Cole's Notes: Steve Stricker 'has got game' through first two rounds at PGA Championship
LOUISVILLE, KY - AUGUST 08: Steve Stricker of the United States stands under an umbrella as he prepares to hit an approach shot on the 18th hole during the second round of the 96th PGA Championship at Valhalla Golf Club on August 8, 2014 in Louisville, Kentucky. (Photo by David Cannon/Getty Images)
LOUISVILLE, Ky -- OLD GUYS RULE: At 47, with hip issues and a part-time playing schedule, Steve Stricker wasn’t expecting to be in the conversation for a place on the U.S. Ryder Cup team, which is probably why Tom Watson picked him this week as a vice-captain.
But he’s tied for eighth at five under par after Friday’s 68.
“I would have to do something very special, either win or maybe finish second,” said Stricker, “and I’m obviously going to try to do the best I can this weekend, but (making the team as a player) hasn’t really crossed my mind because I haven’t played that much.”
“Strick has got game,” said Watson, 64, who played with Stricker the first two rounds, but missed the cut Friday by two strokes. “If he should win here, there’d be no question he’d be on the team rather than vice-captain. No question.”
HOME COOKIN’: Kentucky boy Kenny Perry made the cut at one-under-par, meaning he’ll get to play on his 54th birthday Sunday.
“I was watching Rory and Bubba behind me, where they were hitting it compared to where I was hitting it. They are playing a different golf course than I am,” said Perry, who lost the ’96 PGA here in a playoff to Mark Brooks.
“But I’m ecstatic. I get to play the weekend. Here I am, played ’96 to now. There’s a lot of emotions.”
IT’S AN EPIDEMIC: The rash of withdrawals gained speed Friday when the wet weather seemed to aggravate a lot of ailments. Among Friday’s casualties: Kiradech Aphibarnrat (back), Angel Cabrera (shoulder) and Bo Weekley (shoulder). Already gone were Matt Kuchar (back), Jason Dufner (neck) and Ben Crane (back).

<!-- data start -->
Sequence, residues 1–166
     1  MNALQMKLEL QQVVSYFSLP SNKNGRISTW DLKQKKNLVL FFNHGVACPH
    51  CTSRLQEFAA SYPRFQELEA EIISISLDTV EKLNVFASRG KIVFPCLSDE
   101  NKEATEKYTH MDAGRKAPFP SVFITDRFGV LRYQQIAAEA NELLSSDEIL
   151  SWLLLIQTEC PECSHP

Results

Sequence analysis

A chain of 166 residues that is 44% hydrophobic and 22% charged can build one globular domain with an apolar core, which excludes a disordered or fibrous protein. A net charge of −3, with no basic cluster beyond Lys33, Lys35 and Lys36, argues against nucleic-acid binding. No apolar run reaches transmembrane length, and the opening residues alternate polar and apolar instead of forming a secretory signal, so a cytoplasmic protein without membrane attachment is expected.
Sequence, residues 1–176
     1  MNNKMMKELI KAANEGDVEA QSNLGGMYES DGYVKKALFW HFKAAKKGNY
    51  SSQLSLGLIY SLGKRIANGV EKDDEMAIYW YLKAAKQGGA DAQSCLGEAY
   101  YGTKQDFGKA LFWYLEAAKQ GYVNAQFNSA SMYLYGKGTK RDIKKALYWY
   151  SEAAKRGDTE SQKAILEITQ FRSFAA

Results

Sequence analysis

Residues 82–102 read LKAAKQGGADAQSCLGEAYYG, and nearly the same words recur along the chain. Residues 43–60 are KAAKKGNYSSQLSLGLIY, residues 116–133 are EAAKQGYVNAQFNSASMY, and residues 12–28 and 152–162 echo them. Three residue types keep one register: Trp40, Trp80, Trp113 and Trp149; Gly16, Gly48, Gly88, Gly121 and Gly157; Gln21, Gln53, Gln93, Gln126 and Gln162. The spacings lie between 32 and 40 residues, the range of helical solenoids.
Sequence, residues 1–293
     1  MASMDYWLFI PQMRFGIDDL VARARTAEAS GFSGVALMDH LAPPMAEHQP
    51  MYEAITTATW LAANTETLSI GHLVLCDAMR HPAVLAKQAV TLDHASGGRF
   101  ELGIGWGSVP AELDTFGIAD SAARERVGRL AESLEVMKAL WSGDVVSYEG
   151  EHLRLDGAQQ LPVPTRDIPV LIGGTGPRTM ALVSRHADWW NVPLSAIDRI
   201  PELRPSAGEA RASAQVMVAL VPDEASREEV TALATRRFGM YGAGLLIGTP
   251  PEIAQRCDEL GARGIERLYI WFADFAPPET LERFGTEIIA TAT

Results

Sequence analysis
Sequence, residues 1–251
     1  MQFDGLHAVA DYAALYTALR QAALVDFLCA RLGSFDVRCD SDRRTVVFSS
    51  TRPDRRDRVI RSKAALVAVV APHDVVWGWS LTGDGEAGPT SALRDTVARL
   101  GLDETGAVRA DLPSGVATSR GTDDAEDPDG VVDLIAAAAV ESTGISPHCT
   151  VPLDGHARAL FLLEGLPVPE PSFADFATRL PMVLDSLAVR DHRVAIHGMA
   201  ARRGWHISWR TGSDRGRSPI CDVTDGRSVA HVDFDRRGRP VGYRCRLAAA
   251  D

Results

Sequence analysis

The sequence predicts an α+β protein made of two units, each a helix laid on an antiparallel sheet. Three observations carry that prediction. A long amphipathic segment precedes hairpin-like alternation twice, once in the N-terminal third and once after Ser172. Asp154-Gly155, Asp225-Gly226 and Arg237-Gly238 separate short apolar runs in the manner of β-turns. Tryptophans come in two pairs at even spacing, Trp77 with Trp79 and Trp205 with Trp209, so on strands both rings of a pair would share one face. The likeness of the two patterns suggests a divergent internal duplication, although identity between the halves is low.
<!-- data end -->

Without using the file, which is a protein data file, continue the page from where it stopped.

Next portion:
First-round co-leader Kevin Chappell was three-over-par on the day when he had to stop to have his back and neck worked on, on a bench at the 15th hole.
TIGER POST-MORT: Tiger Woods, his game showing the effects of enduring back pain, finished the day but missed the cut. He said he felt his back go out during his warmup session Friday morning.
"Same feeling, same pain, same spasms,” he said.
"I need to get stronger,” he said, perhaps referring to his rush back from surgery. “You can't burn the candle at both ends."
THE BUTT OF JOKES: Chris Wood came in late Thursday with a 66, but it was his wardrobe malfunction that got most of the attention.
The 6-foot-5 Englishman split the seat out of his pants while crouching to line up a putt at his second hole of the day, No. 11, and had to borrow the rain pants of his shorter playing partner, Johan Kok.
"It's the most embarrassed I have ever been on the golf course and I am sure I will take a bit of stick for it, but it's my best round in a major in America," said Wood.
"They tore right in the place you don't want them to. Unfortunately the crowd on the 12th tee are right behind where I was teeing off so they could see my underpants.
"Thankfully by the 17th my manager had been back to the hotel and got another pair from my room.”
He shot 73 Friday, but the story line was established.
“Did your trousers hold up today?” he was asked.
“I brought two pairs today,” Wood said. “But I was extra careful when I was doing the putts today. It’s just so sticky. I think I have put on weight.”
WARDROBE, PART II: Graham DeLaet made the dubious decision (or his clothier did) to go with white pants Friday in sloppy conditions, but he played the whole 18 without even a mark on them.
“I’m actually amazed, too. I told Jules (caddie Julien Trudeau) I thought I would have to throw these away at the end of the day,” DeLaet said, “but they’re surprisingly white still at the bottom.”
“Well, he wore rain pants out there part of the day,” said DeLaet’s wife Ruby. Spoiled a good story.
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